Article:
I.Kishko1, 2, B. Harish3 , T. Gustavsson4, D. Beri3 , J.Carey 1,3, R. Ettrich 1, 2


1Institute of Nanobiology and Structural Biology of ISBE, AS CR, 37333 Nove Hrady, Czech Republic, 37333 Nove Hrady, Czech Republic

2University of South Bohemia in »eskť Budžjovice, 37333 Nove Hrady, Czech Republic

3Department of Chemistry, Princeton University, Princeton, New Jersey 08544-1009, USA

4Biochemistry Department, Lund University, Chemical Center, S-221 00 Lund, Sweden


The flavoprotein WrbA from E. coli was identified as a founding member of a new family of multimeric flavodoxin-like proteins that are implicated in cell protection against oxidative stress. WrbA hereby bridges bacterial flavodoxins and eukaryotic NAD(P)H:quinone oxidoreductases with its three-dimensional structure clearly revealing a close relationship to mammalian NAD(P)H:quinone oxidoreductase, Nqo1 [1]. A closer analysis of apo and holo crystal structures, together with flavodoxin structures, rationalizes functional similarities and differences of the WrbAs relative to flavodoxins, suggesting that WrbAs are not a remote and unusual branch of the flavodoxin family as previously thought but rather a central member with unifying structural features [2].

In this study we try to elucidate the kinetic mechanism of WrbA and its range of substrates, activators, and inhibitors. Assays of WrbA NADH oxidation/quinone reduction activity were carried out. These reactions follow the decrease in NADH absorbance at 340 nm upon oxidation during reduction of ubiquinone-0 or benzoquinone. The reactions are carried out by manual mixing under ambient (i.e., aerobic) conditions since non-enzymatic oxidation is negligible. Standard kinetic approaches to evaluate alternative mechanisms are well-established in studies with the NQO1s, and the classical work of Hosoda et al. (3) provides a model for the comparison with NQO1s. Discrimination among various mechanisms is based on the patterns of substrate and inhibitor concentration dependence of reaction rates. Thus, the concentrations of NADH, NAD, and quinone are varied separately and together to determine patterns of competition that are used to infer which compounds can occupy the active site simultaneously. Ping-pong kinetics have been generally accepted as the mechanism for NQO1s (3, 4), indicating that FAD is reduced in a first step by oxidation of NADH, which then dissociates. In a second step, quinone binds to the site vacated by NAD and is reduced by FADH2. In addition to defining the basic kinetic mechanism, we test WrbA also for a number of the characteristic mechanistic features of NQO1s.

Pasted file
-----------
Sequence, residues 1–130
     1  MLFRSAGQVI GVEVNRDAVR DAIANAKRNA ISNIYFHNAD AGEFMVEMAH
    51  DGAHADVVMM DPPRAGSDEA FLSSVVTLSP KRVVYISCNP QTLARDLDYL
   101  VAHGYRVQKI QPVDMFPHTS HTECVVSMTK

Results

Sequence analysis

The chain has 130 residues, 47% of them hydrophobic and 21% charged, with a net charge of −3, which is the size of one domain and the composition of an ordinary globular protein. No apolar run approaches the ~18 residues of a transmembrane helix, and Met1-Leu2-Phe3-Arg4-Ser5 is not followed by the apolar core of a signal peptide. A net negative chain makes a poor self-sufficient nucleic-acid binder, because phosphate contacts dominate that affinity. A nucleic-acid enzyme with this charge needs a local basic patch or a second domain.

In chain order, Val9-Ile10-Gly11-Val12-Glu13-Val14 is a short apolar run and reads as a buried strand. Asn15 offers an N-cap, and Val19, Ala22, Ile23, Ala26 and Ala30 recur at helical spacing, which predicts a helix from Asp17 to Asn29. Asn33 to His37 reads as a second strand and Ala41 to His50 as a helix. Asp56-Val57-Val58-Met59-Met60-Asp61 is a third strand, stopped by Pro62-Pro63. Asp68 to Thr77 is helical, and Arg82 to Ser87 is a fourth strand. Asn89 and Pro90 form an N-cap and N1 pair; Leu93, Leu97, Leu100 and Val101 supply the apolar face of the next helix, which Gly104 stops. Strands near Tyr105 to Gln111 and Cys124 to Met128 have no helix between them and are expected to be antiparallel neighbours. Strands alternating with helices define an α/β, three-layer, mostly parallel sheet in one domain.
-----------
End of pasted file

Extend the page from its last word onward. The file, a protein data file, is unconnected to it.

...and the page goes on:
Comparison of the high-resolution E. coli WrbA structure with NQO1 implies significant differences in access to the enzyme active site by the cofactor and the NADH and quinone substrates. Despite these structural differences our results clearly demonstrate the unusual two-plateau behaviour on the substrate concentration-dependence plots for NADH or benzoquinone as described for NQO1 by Hosada et al. [3]. The experiments show that WrbA activity increases upon addition of membrane-mimicking detergents, and they demonstrate the ability of the protein to inactivate reversibly by shifting temperature from 5 to 25 oC. The similarity of these properties to NQOs imply a common structural and functional basis of the kinetic mechanism, however, even for the NQOs the reported two-plateau behaviour could not be explained in structural and molecular terms to date.

1. Carey J, Brynda J, WolfovŠ J, Grandori R, Gustavsson T, Ettrich R, KutŠ SmatanovŠ I Protein Science  16: 10. (2007) 2301-2305.

2. Wolfova J, Kuta Smatanova I, Brynda J, Mesters JR, Lapkouski M, Kuty M, Natalello A, Chatterjee N, Chern SY,Ebbel E, Ricci A, Grandori R, Ettrich R, Carey J Biochimica et Biophysica Acta (BBA) - Proteins and Proteomics 1794: 9. (2009) 1288-1298.

3. Hosoda S, Nakamura W, Hayashi K. J. Biol. Chem., 249, (1974),6416-23.

4. Ernster, L.. Chem. Scripta 27A, (1987) 1- 13.


We gratefully acknowledge support from the Ministry of Education, Youth and Sports of the Czech Republic (MSM6007665808, LC06010), the Academy of Sciences of the Czech Republic (AVOZ60870520), the Grant Agency of the Czech Republic (Nos. P207/10/1934), and joint Czech - US National Science Foundation International Research Cooperation (ME09016 and INT03-09049), Additionally, I.K. was supported by the University of South Bohemia, grant GAJU 170/2010/P.